1. The angler must cast, hook, fight and bring the fish to hand unaided.
  2. Casting and retrieving must be carried out in accordance with normal customs and generally accepted practices.

I hadn’t cast my fly at all: how do you cast to a fish that is invisible and probably about 20 metres below a boat that is moving over a reef? Tricky one, you will agree. I made up my mind and decided to “forget the rules”. I was just going to enjoy my fishing. So we started the same drifting procedure again.

But getting my fly to sink the required 20 to 30 metres was becoming tedious. We’d have one small chance to get a decent retrieve in before the current washed us away. I had caught one spectacular fish, but nothing else was interested. As the sun started to drop we headed back to Indigo Charters where Rob prepared us an amazing meal of giant crabs, sushi and ‘cuda steaks.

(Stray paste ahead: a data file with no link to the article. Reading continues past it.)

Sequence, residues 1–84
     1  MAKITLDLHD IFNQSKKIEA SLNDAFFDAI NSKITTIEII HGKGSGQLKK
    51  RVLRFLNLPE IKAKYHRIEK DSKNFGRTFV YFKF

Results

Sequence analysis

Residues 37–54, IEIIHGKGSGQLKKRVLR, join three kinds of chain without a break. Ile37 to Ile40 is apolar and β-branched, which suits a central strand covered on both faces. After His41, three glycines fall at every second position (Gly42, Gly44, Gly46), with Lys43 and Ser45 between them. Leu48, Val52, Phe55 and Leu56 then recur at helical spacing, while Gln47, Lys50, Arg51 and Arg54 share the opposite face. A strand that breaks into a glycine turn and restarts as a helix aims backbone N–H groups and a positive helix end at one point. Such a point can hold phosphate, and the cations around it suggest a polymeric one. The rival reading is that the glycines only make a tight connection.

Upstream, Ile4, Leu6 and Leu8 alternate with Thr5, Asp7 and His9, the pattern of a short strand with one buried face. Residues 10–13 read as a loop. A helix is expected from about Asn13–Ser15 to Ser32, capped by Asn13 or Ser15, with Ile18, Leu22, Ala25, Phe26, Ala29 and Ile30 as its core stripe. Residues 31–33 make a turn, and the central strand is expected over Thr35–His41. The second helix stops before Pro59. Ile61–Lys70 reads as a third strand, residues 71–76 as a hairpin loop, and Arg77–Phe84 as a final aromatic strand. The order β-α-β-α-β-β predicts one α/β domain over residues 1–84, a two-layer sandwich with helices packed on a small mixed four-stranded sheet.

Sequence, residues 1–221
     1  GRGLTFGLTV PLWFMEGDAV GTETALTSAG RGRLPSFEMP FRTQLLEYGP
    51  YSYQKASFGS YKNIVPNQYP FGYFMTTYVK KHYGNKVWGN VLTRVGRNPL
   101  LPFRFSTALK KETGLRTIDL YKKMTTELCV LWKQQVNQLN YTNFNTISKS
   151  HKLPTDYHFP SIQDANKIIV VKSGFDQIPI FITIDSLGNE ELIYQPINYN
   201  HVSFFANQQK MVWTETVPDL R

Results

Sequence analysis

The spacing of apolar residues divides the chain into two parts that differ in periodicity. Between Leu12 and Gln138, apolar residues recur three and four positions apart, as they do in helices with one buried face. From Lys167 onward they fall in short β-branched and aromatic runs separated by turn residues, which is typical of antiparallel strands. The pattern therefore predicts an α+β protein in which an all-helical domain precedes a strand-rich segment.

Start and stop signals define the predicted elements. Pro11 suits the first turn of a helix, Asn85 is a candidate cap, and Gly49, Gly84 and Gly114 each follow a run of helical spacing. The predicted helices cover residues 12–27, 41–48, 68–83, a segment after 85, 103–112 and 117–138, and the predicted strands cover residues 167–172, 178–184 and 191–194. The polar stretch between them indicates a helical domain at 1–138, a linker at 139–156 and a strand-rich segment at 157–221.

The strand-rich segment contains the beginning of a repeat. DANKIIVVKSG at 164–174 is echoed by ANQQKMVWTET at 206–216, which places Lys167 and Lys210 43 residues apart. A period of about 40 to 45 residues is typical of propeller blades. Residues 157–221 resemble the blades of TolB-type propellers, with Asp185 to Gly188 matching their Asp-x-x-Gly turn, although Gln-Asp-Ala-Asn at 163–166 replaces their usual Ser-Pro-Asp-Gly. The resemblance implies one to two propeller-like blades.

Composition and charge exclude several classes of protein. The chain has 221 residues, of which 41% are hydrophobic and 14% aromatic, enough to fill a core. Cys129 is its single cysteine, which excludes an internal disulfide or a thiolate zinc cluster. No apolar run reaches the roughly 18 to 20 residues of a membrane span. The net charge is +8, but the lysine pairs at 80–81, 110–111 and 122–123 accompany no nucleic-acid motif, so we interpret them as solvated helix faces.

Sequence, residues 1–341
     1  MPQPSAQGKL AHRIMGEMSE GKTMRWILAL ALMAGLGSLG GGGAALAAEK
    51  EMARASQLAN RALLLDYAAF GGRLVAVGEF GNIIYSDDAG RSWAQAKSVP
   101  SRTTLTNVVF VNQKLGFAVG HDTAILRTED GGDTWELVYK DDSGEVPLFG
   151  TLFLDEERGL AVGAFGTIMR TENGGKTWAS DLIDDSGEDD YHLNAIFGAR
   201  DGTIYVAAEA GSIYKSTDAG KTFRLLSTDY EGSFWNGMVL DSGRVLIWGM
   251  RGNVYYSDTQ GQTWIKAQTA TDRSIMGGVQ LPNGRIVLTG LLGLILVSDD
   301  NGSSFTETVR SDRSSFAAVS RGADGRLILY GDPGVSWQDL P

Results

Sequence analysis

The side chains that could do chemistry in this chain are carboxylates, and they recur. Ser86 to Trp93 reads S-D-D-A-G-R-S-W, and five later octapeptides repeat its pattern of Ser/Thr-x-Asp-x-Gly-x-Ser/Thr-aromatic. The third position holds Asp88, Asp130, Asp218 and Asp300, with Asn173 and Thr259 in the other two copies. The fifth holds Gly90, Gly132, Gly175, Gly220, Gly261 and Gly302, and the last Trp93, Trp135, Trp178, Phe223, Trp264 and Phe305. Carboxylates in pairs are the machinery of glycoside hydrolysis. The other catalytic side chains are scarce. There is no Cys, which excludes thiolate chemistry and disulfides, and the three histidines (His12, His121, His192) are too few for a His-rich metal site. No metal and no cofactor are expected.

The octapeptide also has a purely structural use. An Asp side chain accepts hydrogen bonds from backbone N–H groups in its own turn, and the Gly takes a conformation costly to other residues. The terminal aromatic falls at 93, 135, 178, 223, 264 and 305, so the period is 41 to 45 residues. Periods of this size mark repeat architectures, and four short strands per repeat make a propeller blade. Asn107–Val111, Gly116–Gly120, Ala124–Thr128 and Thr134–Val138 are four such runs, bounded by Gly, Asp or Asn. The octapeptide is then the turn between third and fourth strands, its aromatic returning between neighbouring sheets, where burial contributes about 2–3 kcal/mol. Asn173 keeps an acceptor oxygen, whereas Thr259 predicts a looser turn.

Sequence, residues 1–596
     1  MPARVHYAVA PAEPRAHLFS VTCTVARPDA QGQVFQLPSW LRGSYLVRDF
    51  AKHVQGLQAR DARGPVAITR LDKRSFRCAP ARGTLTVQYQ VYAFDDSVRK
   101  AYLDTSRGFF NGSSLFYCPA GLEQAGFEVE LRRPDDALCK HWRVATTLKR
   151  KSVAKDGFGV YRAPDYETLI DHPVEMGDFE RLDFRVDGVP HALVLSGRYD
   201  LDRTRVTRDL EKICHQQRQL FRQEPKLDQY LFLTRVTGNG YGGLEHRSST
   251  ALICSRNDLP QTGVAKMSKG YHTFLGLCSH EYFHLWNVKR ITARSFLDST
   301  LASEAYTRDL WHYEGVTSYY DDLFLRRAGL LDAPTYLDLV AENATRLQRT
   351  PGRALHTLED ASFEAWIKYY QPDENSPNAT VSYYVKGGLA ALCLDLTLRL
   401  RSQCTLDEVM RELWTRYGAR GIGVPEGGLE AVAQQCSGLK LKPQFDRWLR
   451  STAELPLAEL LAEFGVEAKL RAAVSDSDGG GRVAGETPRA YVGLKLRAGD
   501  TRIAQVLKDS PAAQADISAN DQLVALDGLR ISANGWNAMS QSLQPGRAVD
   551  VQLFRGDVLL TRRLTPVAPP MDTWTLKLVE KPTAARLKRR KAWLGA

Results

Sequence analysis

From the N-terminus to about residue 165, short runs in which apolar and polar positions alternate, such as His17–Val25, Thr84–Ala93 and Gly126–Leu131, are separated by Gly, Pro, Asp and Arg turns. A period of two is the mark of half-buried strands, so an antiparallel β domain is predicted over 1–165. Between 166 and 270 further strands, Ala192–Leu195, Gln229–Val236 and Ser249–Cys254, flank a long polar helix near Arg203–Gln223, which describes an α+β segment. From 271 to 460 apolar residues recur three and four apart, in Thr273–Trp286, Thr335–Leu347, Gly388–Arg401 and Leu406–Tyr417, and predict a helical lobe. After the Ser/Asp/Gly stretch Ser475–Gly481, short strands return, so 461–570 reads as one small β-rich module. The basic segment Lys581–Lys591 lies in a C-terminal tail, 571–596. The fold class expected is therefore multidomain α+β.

That night I learned we were going to be spending most of the next day following the same tactics – drifting over reefs while letting our lures and flies follow. Much later that night, while lying under my mosquito net and listening to the little bloodsuckers whine in futile rage, I made a firm decision and steeled myself for the inevitable fall from grace.

The next morning we set off with Rob to a likely looking reef. The fish-finder (another gadget I must get) went crazy, bleeping like mad. Thousands of fish must have been hanging around down there and Rob picked something that looked like a fly-fisher’s nightmare: a large Scarborough reel attached to what in my mind was a rod designed for fighting marlin.

“Ever used one of these?” Rob asked, handing me the rig.

“Nope, but I’m here to learn!” I replied, only just managing to avoid the two-kilogram weight as it swung past my kneecaps.

“Drop it overboard and when it hits the bottom, give a wind back. You’ll pick something up, that’s guaranteed,” Rob ordered in his gruff captain’s voice as he rigged himself up.